Album Title
Artist IconMC5
Artist Icon Kick Out the Jams
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First Released

Calendar Icon 1969

Genre

Genre Icon Hard Rock

Mood

Mood Icon Energetic

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Style Icon Rock/Pop

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Tempo

Speed Icon Fast

Release Format

Release Format Icon Live

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Kick Out the Jams is the debut album by American protopunk band MC5. It was released in February 1969, through Elektra Records. It was recorded live at Detroit's Grande Ballroom over two nights, Devil's Night and Halloween 1968. The LP peaked at No. 30 on the Billboard 200 chart, with the title track peaking at No. 82 in the Hot 100. Although the album received an unfavorable review in Rolling Stone magazine upon its release, it has gone on to be considered an important forerunner to punk rock music, and in 2003 was ranked number 294 on Rolling Stone's "500 Greatest Albums of All Time" list.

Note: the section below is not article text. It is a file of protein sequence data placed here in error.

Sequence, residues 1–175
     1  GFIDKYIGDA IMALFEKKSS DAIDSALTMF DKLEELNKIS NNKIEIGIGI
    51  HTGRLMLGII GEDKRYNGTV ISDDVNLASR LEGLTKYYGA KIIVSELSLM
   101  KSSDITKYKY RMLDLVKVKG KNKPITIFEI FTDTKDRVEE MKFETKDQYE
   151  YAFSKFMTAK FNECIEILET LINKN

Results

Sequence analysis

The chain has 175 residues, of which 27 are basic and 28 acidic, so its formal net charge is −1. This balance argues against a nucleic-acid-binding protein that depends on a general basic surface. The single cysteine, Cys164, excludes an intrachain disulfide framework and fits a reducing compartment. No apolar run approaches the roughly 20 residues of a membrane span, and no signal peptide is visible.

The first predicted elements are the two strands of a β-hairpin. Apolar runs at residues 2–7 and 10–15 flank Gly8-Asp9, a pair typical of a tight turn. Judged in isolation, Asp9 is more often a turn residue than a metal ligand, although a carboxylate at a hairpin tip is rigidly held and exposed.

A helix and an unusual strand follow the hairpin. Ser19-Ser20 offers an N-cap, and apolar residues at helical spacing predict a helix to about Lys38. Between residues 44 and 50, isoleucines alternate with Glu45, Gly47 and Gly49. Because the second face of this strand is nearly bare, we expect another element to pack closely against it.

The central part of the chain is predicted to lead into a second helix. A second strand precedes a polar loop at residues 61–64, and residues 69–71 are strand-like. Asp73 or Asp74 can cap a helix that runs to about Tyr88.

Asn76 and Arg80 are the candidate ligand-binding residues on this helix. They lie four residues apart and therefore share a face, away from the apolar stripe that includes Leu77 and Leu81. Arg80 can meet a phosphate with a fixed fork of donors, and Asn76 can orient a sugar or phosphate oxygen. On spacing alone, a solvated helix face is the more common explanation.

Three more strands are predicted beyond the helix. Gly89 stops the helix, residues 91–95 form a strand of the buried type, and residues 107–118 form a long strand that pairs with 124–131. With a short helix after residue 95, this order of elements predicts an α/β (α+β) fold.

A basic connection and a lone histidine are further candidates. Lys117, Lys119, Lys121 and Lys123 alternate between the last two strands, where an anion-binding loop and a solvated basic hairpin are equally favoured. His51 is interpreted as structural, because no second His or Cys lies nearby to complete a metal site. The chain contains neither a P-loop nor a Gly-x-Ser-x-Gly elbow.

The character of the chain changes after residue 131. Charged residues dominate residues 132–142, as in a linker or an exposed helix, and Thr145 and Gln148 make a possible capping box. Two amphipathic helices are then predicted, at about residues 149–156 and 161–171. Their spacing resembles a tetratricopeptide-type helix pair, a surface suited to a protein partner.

While "Ramblin' Rose" and "Motor City Is Burning" open with inflammatory rhetoric, it was the opening line to the title track that stirred up controversy. Vocalist Rob Tyner shouted, "And right now... right now... right now it's time to... kick out the jams, motherfuckers!" before the opening riffs. Elektra Records executives were offended by the line and had preferred to edit it out of the album (replacing the offending words with "brothers and sisters"), while the band and manager John Sinclair adamantly opposed this.
The original release had "kick out the jams, Motherfuckers!" printed on the inside album cover, but was soon pulled from stores. Two versions were then released, both with censored album covers, with the uncensored audio version sold behind record counters. Making matters worse, Hudson's department stores refused to carry the album. Tensions between the band and the Hudson's chain escalated to the point that the department stores refused to carry any album from the Elektra label after MC5 took out a full-page ad that, according to Danny Fields, "was just a picture of Rob Tyner, and the only copy was 'Fuck Hudson's.' And it had the Elektra logo". To end the conflict and to avoid further financial loss, Elektra dropped MC5 from their record label. Ironically, band members later alleged that Elektra official Jac Holzman encouraged the use of the epithet on the record itself.
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